But the star of the show, of course, is the new iPhone 5S. While not nearly as colorful as its cheaper iPhone 5C sibling, the iPhone 5S will be available in Silver, Gold, and Space Grey. The phone features a new A7 processor, which is the first 64-bit chip used in a smartphone. The new chip has 2 general purpose registers, 2 coating point registers, and over a billion transistors (102mm2 die size). It also supports OpenGL ES 3.0. Naturally, iOS 7 was rebuilt to support the 64-bit architecture of the A7.

iPhone 5S
Apple's native Apps have been recompiled for 64-bit operation and developers can start producing their own 64-bit apps with XCode. When all is said and done, the iPhone 5S will be twice as fast in CPU operations and twice as fast in GPU operations compared to the outgoing iPhone 5.
To be used in conjunction with the A7 is the new M7 motion coprocessor. It provides accelerometer, gyroscope, and compass functionality and works in conjunction with the new CoreMotion API to open up enable the next generation of health and fitness apps.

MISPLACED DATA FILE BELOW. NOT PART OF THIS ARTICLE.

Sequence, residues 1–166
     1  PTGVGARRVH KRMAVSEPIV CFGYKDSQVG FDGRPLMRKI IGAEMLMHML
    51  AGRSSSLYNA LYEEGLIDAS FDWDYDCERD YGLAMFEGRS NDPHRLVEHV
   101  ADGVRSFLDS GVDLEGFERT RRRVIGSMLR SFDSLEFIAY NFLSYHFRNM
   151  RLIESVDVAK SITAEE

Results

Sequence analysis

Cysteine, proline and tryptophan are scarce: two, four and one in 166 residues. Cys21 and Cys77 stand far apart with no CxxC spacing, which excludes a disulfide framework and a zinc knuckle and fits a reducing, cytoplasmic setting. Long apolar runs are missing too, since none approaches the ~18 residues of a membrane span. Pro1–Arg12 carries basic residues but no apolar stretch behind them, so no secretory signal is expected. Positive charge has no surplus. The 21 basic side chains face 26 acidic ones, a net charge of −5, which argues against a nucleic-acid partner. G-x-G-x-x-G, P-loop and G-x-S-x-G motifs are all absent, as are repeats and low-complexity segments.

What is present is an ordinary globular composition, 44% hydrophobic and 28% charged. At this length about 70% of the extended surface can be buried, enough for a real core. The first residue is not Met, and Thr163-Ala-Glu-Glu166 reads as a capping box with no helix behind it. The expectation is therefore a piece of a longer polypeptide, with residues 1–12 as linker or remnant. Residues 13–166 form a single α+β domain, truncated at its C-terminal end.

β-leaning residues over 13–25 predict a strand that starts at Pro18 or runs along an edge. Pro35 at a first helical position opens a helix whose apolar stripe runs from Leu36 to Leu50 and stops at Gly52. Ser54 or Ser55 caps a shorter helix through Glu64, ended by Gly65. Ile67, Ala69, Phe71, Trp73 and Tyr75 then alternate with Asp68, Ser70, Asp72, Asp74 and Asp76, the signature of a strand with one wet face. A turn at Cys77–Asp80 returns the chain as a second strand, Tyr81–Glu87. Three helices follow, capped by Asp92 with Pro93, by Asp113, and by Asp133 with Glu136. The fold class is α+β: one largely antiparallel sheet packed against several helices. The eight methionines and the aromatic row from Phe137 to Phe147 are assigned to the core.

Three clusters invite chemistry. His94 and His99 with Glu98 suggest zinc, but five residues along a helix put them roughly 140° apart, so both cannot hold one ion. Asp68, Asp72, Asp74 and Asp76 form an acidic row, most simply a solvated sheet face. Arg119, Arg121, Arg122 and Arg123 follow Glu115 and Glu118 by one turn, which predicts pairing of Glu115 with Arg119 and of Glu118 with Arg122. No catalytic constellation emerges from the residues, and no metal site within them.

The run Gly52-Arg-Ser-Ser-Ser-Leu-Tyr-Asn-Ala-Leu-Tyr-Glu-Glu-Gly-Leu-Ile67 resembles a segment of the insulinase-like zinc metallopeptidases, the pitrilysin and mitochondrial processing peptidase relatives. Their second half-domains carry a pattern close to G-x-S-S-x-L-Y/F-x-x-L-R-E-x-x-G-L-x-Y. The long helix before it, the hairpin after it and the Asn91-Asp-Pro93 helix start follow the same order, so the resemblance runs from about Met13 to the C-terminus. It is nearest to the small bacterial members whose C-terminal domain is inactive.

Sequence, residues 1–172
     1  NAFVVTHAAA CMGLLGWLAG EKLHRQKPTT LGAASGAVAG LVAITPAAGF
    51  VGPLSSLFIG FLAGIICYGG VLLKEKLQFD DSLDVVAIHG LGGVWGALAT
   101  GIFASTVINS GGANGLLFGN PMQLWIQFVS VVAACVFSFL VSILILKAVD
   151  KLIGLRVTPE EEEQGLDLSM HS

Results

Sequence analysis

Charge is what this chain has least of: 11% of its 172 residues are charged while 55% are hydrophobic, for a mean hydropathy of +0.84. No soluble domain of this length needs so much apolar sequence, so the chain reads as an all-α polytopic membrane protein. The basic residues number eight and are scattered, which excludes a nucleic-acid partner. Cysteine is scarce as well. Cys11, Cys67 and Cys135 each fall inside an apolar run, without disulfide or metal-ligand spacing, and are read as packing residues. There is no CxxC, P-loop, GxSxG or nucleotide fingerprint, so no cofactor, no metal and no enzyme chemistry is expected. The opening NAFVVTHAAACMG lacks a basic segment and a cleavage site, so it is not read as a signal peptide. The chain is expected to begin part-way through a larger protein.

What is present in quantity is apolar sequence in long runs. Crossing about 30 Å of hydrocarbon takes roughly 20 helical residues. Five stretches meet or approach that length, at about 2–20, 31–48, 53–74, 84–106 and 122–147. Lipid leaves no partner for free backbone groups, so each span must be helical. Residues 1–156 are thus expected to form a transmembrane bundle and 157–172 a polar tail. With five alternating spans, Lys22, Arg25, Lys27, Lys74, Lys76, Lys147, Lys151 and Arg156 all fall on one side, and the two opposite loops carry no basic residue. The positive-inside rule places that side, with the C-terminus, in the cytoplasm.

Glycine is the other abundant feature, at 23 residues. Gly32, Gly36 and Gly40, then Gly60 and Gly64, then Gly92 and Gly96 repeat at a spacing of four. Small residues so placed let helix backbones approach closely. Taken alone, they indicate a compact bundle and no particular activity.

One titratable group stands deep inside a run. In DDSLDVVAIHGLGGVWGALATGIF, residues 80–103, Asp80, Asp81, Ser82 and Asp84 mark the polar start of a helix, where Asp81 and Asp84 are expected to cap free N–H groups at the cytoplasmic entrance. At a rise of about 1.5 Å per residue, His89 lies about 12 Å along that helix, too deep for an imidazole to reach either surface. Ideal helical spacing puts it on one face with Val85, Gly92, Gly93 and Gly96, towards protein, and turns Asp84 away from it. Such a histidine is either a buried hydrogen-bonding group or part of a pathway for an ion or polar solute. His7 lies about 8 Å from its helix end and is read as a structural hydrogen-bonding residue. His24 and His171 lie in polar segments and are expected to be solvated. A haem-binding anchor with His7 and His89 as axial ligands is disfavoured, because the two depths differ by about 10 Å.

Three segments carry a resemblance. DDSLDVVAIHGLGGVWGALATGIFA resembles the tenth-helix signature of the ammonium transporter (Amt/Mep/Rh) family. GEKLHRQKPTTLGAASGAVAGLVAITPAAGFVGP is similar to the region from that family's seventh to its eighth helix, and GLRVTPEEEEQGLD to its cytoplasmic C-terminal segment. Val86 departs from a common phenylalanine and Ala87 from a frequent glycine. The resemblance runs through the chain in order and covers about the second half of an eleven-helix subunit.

When it comes to battery life, Apple promises  10 hours of LTE browsing or 10 hours of 3G talk. Standby time is listed at 250 hours.

The camera is a new unit with a five-element lens and F2.2 aperture. It also has a 15 percent larger active sensor. It also has a new dual-LED flash system which promises to produce better skin tones. Other features include automatic image stabilization, 10 FPS burst mode, and a 120 FPS slow motion feature (720p at 120 FPS). 

The iPhone 5S gets its own $39 case as well

Perhaps the biggest new feature of the iPhone 5S, however, is the new "Touch ID" fingerprint sensor. The sensor is 170 microns thin and has a 550ppi resolution to read sub-epidermal skin layers. The sensor of course is integrated into the smartphone's Home button. Unlocking your phone is now as simple as touching your finger to the home button (multiple fingerprints are supported). Your fingerprint can also be used to verify your identity to purchase apps instead of entering your password.